Unless you’re well on your way to Mars, you have been hearing a lot of frightening news reports about Multisystem Inflammatory Syndrome in Children, or MIS-C. And like most parents, you probably have a lot of questions, as do we. Currently, there’s much more that we don’t know than what we do know. The good news is that there are a lot of physicians, epidemiologists, and researchers around the world working hard to learn more.
Over the last month reports have come out of Europe of a severe complication of COVID-19 in children. Many of these reports have described the similarities to a rare but well-known pediatric condition called Kawasaki Disease. In the last two weeks, authors in Italy and the UK published their findings in a medical journal called The Lancet. Physicians in New York State began seeing similar cases, and developed a working definition. Then on May 14th the CDC published a Health Advisory with an official case definition:
Fever lasting more than 24 hours is the single defining symptom. I realize this isn’t terribly reassuring as a diagnostic feature, as fever is a common symptom in many pediatric illnesses. Other symptoms can include any combination of organ dysfunction, such as low blood pressure or involvement of cardiac, gastrointestinal, renal, hematologic, dermatologic and neurologic systems. Respiratory symptoms can be present or not. MIS-C can present during COVID-19 illness, or weeks later, and can occur even after asymptomatic infection. As time goes on and more is known, it may be easier to define this illness.
What about Kawasaki Disease (KD)? KD is a rare disease that every pediatrician knows well. It has a very clear definition of fever lasting 5 days or more and 4 or more of the following symptoms: rash, conjunctivitis, redness or swelling of the hands or feet, involvement of the lips or mouth, and enlarged lymph nodes in the neck. Children with MIS-C have had some of the same symptoms as KD, but MIS-C is a separate and more severe illness with higher findings of inflammation.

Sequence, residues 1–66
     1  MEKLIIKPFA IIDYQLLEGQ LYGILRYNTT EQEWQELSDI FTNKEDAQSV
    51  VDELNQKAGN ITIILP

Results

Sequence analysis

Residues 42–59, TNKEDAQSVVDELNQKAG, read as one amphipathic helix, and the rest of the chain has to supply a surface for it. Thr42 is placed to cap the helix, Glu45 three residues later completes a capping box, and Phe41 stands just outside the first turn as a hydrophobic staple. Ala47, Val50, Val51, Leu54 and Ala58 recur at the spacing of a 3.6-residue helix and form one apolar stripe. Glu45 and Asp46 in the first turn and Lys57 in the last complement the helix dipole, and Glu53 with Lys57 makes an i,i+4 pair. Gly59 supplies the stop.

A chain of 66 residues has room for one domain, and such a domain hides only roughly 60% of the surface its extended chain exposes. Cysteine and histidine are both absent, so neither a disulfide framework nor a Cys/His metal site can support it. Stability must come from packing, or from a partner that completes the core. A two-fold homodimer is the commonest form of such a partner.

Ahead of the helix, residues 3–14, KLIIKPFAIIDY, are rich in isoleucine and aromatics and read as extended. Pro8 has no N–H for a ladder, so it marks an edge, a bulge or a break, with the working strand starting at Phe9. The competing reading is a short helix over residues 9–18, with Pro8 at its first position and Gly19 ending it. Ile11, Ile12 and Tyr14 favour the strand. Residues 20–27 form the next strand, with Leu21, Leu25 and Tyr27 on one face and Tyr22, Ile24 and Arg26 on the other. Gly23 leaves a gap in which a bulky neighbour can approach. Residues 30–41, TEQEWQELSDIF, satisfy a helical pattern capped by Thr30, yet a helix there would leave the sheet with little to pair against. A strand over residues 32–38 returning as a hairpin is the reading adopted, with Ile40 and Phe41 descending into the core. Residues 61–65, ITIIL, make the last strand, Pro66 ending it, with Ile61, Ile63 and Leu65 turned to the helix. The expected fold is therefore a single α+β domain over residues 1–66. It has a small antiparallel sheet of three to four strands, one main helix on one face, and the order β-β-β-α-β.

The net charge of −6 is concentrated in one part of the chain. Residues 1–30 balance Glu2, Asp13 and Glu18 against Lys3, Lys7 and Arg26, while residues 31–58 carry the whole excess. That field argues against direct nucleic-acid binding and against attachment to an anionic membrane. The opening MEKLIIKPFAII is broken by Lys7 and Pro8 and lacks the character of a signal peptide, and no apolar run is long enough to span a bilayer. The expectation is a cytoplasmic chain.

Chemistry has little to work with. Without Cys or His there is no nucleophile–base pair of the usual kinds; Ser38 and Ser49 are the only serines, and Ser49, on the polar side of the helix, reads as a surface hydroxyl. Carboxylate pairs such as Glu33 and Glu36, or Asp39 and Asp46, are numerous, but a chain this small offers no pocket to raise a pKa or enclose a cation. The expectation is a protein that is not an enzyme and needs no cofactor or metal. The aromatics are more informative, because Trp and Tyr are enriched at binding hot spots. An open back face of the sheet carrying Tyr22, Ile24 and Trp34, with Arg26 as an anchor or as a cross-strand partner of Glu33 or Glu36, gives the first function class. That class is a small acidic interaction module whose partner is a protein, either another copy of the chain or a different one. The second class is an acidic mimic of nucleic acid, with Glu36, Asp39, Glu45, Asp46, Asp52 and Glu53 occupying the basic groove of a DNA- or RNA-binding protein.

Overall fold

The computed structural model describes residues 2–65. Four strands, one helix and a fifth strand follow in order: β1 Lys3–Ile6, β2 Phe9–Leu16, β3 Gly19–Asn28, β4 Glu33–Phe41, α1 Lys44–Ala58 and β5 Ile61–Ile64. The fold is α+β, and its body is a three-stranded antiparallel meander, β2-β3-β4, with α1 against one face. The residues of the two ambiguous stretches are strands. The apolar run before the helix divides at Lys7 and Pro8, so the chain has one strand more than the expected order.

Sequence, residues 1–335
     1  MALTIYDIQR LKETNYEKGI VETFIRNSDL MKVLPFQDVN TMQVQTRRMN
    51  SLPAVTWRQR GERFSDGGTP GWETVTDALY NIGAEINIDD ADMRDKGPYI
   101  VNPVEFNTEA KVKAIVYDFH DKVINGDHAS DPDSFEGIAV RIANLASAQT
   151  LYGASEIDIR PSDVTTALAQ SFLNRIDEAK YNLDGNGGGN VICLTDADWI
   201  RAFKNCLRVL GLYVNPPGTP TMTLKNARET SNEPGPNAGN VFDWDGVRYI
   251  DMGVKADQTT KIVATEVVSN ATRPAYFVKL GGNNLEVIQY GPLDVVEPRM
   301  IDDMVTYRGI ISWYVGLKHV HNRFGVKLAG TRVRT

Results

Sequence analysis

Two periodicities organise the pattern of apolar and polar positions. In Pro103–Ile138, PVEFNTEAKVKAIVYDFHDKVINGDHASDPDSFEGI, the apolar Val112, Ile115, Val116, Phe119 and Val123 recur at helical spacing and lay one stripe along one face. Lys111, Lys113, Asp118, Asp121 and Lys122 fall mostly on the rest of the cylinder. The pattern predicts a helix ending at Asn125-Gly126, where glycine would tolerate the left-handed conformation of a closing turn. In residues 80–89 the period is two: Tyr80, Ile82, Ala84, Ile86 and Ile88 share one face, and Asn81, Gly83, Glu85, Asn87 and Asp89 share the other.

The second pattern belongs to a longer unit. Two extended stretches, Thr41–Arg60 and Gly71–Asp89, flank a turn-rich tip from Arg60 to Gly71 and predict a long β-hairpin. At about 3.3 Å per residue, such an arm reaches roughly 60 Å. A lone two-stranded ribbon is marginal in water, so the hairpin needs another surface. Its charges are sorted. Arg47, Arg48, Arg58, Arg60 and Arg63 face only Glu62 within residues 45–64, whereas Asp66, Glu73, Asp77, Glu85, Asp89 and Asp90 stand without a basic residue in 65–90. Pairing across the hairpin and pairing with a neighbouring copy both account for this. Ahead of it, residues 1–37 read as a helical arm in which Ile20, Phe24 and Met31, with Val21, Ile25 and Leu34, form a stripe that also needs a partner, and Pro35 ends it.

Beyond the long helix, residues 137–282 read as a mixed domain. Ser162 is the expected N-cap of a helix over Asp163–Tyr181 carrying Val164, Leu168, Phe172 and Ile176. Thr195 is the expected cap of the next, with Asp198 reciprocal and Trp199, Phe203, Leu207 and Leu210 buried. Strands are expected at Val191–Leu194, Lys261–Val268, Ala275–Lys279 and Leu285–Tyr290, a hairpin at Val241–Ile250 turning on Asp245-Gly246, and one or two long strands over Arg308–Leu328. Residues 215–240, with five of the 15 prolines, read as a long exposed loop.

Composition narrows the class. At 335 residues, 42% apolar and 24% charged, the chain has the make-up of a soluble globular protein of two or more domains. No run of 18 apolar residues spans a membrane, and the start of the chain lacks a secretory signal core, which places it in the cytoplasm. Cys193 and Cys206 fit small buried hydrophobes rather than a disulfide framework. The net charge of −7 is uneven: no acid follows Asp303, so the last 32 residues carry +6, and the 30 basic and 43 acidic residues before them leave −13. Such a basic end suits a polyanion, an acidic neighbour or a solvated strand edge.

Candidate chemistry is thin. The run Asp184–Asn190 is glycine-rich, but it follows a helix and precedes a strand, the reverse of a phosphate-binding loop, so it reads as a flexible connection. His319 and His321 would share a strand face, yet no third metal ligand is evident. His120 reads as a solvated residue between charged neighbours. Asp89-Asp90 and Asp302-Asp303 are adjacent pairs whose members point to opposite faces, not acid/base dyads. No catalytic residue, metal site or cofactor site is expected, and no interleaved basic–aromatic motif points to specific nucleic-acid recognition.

Now that you know what MIS-C is, I’m pretty sure I can guess your next question: How worried should I be? First of all, remember that even though headlines about MIS-C are common, the disease itself is very rare. Secondly, because Oregon (and you) have done such a fantastic job of flattening the curve, it will be even more rare here. But the most important thing to remember is this:
We are here for you.
We are available 24/7 by phone, we have telehealth visits available, we are using the teen clinic to see sick patients (keeping them separate from well patients in the main office), and we have our local pediatric infectious disease doctors on speed dial!
If you have any concerns at all, call us.
We especially want you to call for any combination of these symptoms as the AAP recommends:
- a fever lasting more than 24 hours
- abdominal pain, diarrhea or vomiting
- rash or changes in skin color
- trouble breathing
- your child seems confused or overly sleepy
We know that this level of uncertainty is frustrating. We feel it too. Just know that we will work through this together.